Average, Median, Top 1% Household Income Percentiles

Wages are stagnant we are told. Looking at these data says incomes are not stagnant.

Much is made of the low income for seniors, but at least at age 65 there is little difference among age groups.

We might think of the 1% as only the super wealthy billionaires, but that’s not true.

Public opinion and policy are often based on perceptions and sometimes on misleading or selective data.

The most important – or, at least, most closely watched – income statistics are: Median household income Average household income Top 1% household income

Of these, median household income is the most important statistic. Medians are more resistant to outliers and better represent a “typical” household. Average income is influenced by very high earners, although it is also a decent estimate.

Median means the midpoint of household income: half of US households made more and half less.

The numbers in this section are nominal – they are not adjusted for inflation.

In 2020, $68,400.00 was the median household income in the United States. This is up from $63,030.00 in 2019.

The average household income was $97,973.61 in 2020. It was $89,930.70 in 2019.

To be top 1% in 2020, a household needed to earn $531,020.00. $475,116.00 was the threshold last year.

Source: Average, Median, Top 1% Household Income Percentiles [2020] – DQYDJ


  1. I meant to say $0 – $2,000 in liquid assets (not net worth) as they have to go through spend down).


  2. Hey Dick, good morning. It may be more valuable to readers if they saw ‘where they stand’ as compared to 65, 70, 75year olds in retirement. I saw a youtube … based on https://www.federalreserve.gov/econres/scfindex.htm. You may want to share info from it https://www.youtube.com/watch?v=4K0H9srSxmY. (PS: how do you like the revised PSEG medical plan for retirees. We went plan G as suggested by Via Benefits (although yours may be enhanced as a past officer).


    1. Thanks for the post. Schmidt! does a fine job. The comments are illuminating – about the opportunity that exists in retirement planning/education.

      A couple of comments – note that there is a significant difference between income and wealth – Dick’s numbers are income, Schmidt is talking wealth (net worth). The percentage of Americans age 65+ living in poverty has steadily declined from 35% in 1959 to less than 9% today (some estimates that include all transfers suggest it is less than 5%). For comparison, the percentage of children under age 18 living in poverty declined from 27% to 14%. Remember that the determination of poverty in the US is an income determination.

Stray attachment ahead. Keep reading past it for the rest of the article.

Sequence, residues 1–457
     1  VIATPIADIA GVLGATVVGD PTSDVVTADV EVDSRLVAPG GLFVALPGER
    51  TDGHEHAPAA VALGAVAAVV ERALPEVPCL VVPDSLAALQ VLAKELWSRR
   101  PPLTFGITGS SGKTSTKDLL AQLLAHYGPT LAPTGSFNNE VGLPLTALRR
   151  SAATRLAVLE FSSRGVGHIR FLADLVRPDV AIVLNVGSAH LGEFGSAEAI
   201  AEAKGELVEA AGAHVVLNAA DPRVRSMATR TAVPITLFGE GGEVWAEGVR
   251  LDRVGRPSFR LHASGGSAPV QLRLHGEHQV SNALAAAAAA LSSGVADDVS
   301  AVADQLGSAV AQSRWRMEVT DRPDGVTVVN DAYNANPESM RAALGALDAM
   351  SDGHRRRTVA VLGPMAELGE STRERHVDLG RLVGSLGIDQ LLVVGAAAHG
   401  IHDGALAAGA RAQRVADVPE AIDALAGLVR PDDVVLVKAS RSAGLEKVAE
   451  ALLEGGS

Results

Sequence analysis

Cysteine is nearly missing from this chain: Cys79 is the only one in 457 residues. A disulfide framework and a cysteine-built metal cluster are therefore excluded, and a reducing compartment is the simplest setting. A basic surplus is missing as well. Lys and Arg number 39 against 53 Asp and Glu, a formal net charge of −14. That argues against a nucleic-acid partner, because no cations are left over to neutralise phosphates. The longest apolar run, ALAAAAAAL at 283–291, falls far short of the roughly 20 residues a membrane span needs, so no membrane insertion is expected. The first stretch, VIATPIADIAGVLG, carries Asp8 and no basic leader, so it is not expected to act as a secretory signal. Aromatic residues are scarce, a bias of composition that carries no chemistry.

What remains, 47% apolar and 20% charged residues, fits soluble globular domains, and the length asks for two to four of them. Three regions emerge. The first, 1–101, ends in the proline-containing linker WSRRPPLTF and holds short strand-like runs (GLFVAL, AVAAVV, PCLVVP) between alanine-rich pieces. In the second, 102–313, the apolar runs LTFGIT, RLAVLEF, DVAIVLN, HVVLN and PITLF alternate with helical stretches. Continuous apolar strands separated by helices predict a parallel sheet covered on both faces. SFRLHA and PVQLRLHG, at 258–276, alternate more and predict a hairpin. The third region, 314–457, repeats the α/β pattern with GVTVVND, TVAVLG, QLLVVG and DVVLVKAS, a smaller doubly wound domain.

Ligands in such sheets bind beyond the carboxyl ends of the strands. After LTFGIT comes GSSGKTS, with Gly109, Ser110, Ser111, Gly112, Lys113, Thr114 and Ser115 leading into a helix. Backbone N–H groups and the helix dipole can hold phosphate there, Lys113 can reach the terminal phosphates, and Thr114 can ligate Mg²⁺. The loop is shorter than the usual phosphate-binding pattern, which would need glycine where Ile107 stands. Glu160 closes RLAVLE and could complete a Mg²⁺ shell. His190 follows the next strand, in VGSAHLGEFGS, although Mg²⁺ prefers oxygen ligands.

And, Mr. Schmidt misses a couple of basics on why there are differences among the cohorts – perhaps he would have covered them had he extended the video. Obviously, paramount, is that each of those age cohorts are measuring different people. And, as someone once said (I’m paraphrasing here), you are who you are (financially) because of where you were (position, financial status, etc.) when (Depression, WWII, Vietnam, Great Recession, Pandemic).

      Separately, if you look at the data, America’s older population is decidedly more female – at age 65, more so at age 70 and even more so at age 75. Finally, this is all about survival and health – the impact of nature (heredity) combined with nurture (lifestyle). One major component is that among lower income older Americans, many are dual eligible for Medicare and Medicaid – in fact, that cohort of the elderly population is growing rapidly, 3+% per year, now in excess of 12MM (about 1 in 5 of all people over age 65). Medicaid eligibility means low or no Part B and Part D premiums, low or no point of purchase cost sharing. So, because Medicaid has a limit on assets, there are a lot of people at ages 70 and 75 with net worth between $0 and $2,000.

      You may also take some time to look at the experience of retirees – looking back. If so, you might check out the Society of Actuaries, Committee fon PostRetirement Needs and Risks tsudy / focus group of 85 year olds.
      See: https://www.soa.org/globalassets/assets/files/resources/research-report/2019/retirement-experiences-people-over-85.pdf

      MFrom that study, from a financial perspective, I felt the most important ifinding was confirmation that most older Americans living in retirement spend some efffort at living frugally – living below their means – and that they are generally satisfied with retirement (so long as health and cognitive capability hold out). .


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